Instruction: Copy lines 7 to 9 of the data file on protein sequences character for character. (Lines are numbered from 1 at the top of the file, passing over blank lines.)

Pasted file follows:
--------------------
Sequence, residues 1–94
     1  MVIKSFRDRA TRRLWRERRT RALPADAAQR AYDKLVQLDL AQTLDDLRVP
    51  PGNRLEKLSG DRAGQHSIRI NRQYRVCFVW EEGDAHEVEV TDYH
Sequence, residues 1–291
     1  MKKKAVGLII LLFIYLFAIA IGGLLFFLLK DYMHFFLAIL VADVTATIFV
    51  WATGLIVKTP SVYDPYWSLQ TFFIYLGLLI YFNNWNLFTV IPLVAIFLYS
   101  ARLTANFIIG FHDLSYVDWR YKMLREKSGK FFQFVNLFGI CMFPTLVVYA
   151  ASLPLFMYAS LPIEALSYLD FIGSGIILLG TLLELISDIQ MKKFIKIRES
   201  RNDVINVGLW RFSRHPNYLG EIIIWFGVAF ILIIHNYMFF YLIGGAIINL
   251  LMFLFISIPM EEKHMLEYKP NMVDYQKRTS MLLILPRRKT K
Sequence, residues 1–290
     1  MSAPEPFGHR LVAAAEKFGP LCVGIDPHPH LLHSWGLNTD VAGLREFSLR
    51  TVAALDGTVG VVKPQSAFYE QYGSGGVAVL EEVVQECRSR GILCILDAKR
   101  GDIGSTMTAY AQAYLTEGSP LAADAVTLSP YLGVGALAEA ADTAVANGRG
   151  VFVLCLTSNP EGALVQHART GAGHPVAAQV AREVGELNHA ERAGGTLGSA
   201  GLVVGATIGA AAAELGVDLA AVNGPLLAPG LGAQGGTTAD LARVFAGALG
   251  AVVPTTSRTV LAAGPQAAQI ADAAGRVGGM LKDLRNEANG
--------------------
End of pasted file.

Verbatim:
   101  ARLTANFIIG FHDLSYVDWR YKMLREKSGK FFQFVNLFGI CMFPTLVVYA
   151  ASLPLFMYAS LPIEALSYLD FIGSGIILLG TLLELISDIQ MKKFIKIRES
   201  RNDVINVGLW RFSRHPNYLG EIIIWFGVAF ILIIHNYMFF YLIGGAIINL